Civil Rights Tour: Civic Activism: Murray Brothers and the Black Press

918-922 U Street NW

Murray Brothers Printing Company opened in 1907, at the height of an era when Black businesses proliferated in DC. In 1920, the Murrays built this building at 918-922 U Street, moving their business to the heart of the city's African American community.

Printing companies were an essential tool for independent Black newspapers, and these papers were a primary means for civil rights leaders to amplify the messages of organizations they led. F.H.M. Murray, whose sons ran the presses, worked closely with W.E.B. Du Bois in printing the NAACP’s Crisis newspaper when it launched in 1910. A decade later, the Murrays joined with editor William Walker to print the new Washington Tribune. The Tribune quickly became the city’s leading Black newspaper covering issues such as anti-Black police violence and opinion pieces demanding racial and economic justice.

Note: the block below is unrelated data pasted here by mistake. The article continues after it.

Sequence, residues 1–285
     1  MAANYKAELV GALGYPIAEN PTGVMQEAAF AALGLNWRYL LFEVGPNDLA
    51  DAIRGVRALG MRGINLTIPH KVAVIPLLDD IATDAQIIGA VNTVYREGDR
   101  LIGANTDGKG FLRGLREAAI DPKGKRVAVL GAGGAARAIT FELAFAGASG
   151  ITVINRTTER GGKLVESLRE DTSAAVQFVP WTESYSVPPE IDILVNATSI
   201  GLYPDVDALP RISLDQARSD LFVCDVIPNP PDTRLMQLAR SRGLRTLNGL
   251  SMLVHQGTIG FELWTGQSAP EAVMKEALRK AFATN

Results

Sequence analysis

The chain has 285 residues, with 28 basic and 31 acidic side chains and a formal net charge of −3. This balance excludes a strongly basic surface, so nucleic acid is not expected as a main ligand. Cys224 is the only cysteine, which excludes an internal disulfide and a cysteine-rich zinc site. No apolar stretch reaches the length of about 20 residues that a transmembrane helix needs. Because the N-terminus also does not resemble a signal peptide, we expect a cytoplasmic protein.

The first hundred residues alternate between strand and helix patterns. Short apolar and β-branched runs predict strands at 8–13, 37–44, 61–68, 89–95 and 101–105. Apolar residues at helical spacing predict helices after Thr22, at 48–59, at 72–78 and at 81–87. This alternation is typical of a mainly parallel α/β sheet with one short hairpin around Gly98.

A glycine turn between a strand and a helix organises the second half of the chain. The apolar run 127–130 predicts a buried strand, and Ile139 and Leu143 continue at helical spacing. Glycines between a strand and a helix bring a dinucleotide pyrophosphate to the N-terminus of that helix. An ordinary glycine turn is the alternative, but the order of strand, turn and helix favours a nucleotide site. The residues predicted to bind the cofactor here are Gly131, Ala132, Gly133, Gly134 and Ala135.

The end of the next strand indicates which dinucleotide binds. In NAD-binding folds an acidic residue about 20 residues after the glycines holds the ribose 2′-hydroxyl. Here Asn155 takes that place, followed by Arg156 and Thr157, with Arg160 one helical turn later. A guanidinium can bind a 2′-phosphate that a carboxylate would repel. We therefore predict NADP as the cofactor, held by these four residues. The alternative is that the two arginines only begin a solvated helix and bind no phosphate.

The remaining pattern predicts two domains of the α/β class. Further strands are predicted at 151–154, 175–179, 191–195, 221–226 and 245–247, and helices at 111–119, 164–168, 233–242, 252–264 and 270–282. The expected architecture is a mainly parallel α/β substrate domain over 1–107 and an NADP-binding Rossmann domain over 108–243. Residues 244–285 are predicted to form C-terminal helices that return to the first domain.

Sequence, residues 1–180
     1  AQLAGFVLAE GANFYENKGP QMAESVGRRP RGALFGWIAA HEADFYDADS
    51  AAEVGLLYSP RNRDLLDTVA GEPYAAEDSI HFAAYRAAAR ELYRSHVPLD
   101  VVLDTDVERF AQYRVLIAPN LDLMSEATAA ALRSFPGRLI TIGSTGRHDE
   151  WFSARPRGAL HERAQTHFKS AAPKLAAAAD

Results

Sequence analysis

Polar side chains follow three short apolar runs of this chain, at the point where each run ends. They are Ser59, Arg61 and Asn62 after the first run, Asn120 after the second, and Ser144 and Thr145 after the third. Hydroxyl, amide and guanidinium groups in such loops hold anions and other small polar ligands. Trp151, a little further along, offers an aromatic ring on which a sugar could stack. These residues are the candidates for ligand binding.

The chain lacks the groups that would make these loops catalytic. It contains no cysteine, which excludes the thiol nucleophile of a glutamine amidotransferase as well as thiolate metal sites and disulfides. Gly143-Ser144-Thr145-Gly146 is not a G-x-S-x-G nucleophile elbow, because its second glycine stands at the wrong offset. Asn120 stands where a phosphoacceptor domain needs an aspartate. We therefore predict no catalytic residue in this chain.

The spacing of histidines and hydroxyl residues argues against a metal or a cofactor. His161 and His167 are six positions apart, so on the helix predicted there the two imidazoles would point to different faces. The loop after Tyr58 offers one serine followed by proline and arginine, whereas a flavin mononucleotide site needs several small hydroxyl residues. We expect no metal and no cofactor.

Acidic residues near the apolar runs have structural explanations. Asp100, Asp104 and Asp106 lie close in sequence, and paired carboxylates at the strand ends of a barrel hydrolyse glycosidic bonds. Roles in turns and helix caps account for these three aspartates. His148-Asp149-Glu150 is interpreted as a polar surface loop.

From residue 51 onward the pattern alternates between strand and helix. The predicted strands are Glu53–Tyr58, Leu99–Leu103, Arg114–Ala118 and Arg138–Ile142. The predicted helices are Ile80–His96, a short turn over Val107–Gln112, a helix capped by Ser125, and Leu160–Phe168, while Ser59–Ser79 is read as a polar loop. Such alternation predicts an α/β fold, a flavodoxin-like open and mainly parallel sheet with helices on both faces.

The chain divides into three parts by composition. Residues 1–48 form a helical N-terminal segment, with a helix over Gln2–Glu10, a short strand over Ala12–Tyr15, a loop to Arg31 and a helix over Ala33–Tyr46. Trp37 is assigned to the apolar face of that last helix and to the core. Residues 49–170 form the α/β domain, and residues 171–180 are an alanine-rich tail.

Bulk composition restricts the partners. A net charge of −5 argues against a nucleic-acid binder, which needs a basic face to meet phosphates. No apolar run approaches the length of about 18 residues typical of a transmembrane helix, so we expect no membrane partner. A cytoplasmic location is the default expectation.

Sports writer Sam Lacy, known for his long campaign to desegregate baseball, joined the Tribune in 1930. Lacy went on to write for Baltimore’s Afro-American newspaper from 1944 until his death in 2003. Among the many publications printed by Murray Brothers were several pamphlets written by Howard University sociologist Kelly Miller, including The political plight of the Negro (1913) and Segregation: the caste system, and the civil service (ca. 1914).

The Murray Brothers building also housed Murray’s Palace Casino, another family business. The building was designed by Black architect Isaiah T. Hatton, who also designed the Industrial Bank, at 11th and U, the Dunbar Theater and Southern Aid Society at 7th and T, and the Whitelaw Hotel at 13th and T, among other buildings in this neighborhood and throughout the city.